Boeing expects market for big communications satellites to remain soft
WASHINGTON — The commercial market for geostationary communications satellites shows no signs of rebound, according to Boeing executives who attribute lackluster demand to the rapid pace of innovation in the satellite market, few launch opportunities and the inability of the U.S. Export Import Bank to finance large transactions.
In 2004, customers worldwide purchased 13 commercial geostationary communications satellites, the lowest level since 2004, Mark Spiwak, president of Boeing Satellite Systems International, said March 7 during a press briefing at the Satellite 2017 conference here.
This year, doesn’t look much better, said Dawn Harms, Boeing Satellite Systems International vice president for global sales and marketing. “We hoped it would have picked up by now, but we are not seeing it.”
Harms estimates commercial manufacturers will sell between 13 and 17 satellites in 2017, rather than the 20 to 25 orders common in recent years.
“Once ViaSat launched its very high throughput, large capacity terabit satellite, a lot of the folks that were rolling out their high throughput systems rethought their business plans,” Harms said. Customers also paused to assess the market when companies began announcing plans for large communication satellite constellations in low Earth orbit, she added.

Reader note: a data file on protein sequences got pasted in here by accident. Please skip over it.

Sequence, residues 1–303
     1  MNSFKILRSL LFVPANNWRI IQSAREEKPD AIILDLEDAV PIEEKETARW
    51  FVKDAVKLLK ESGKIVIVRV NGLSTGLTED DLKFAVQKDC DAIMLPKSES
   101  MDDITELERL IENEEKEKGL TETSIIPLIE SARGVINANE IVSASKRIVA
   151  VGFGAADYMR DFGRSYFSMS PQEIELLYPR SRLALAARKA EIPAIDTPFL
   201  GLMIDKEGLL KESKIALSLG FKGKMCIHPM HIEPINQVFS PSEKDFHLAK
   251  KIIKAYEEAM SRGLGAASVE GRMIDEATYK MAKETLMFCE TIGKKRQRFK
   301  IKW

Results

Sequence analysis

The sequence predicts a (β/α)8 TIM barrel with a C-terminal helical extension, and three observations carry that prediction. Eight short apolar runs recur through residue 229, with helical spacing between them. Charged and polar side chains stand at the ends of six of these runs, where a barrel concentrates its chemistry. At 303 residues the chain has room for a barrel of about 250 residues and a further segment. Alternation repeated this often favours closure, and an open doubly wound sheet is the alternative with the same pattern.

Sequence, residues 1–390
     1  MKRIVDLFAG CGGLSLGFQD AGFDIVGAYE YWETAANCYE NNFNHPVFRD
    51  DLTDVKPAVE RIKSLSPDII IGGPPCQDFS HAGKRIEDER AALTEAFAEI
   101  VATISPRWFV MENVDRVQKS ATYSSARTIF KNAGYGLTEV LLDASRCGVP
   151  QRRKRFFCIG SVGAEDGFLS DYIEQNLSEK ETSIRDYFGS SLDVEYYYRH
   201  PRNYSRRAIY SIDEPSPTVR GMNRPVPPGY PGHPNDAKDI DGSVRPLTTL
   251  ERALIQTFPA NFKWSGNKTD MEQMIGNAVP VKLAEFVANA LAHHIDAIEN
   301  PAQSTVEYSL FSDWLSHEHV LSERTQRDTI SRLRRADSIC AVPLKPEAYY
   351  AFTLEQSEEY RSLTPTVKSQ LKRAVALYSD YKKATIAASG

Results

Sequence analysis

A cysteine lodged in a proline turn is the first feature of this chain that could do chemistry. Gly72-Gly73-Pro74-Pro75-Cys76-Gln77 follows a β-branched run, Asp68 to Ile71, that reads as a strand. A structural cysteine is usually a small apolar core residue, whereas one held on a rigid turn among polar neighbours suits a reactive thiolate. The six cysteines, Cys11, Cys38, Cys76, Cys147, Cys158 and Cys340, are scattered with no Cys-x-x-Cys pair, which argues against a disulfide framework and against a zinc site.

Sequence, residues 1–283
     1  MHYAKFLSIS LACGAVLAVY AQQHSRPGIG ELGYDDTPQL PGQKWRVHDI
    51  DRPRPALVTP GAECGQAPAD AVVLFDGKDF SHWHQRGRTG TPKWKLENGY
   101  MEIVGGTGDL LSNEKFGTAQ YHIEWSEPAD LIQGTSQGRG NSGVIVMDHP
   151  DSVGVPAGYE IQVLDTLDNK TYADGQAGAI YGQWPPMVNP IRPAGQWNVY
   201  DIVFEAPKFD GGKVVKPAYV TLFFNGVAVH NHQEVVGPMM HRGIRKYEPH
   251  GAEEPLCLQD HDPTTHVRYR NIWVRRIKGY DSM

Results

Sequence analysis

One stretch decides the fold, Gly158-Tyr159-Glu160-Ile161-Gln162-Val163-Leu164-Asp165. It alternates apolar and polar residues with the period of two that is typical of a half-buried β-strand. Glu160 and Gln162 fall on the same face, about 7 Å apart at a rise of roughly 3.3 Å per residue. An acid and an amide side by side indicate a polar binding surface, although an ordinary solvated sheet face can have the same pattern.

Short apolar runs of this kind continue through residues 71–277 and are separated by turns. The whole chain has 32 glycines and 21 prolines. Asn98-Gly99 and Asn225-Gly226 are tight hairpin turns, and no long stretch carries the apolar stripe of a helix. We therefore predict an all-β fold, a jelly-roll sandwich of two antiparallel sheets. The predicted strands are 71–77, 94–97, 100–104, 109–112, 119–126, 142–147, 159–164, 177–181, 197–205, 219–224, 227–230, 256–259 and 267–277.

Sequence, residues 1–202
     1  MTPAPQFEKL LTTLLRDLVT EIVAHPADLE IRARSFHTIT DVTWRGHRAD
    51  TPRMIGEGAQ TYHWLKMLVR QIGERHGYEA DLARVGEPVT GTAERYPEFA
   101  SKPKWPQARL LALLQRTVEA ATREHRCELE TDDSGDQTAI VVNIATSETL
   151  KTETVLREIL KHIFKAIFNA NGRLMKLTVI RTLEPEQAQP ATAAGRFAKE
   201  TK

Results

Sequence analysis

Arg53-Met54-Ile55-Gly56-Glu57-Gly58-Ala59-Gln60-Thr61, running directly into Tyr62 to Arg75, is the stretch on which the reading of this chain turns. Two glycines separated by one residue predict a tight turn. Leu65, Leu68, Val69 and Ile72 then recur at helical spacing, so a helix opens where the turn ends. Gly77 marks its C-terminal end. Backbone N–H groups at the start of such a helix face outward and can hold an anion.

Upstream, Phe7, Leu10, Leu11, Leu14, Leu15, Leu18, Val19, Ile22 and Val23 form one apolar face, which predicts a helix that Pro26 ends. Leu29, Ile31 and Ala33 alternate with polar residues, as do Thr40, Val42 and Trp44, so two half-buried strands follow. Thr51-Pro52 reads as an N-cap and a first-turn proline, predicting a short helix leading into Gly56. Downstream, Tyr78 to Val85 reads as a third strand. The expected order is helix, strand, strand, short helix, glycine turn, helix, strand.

Launch delays have further aggravated the problem. One Boeing satellite customer’s launch is a year and half behind schedule, Harms said, adding, “Why would you buy a satellite when you can’t get it launched?”
For Boeing specifically, financing large satellite orders has been a problem since the U.S. Ex-Im bank has been unable to approve transactions over $10 million because its board lack a quorum.
“Ex-Im absolutely impacts the ability of U.S. contractors to sell products,” Spiwak said. “We are at a significant disadvantage.”
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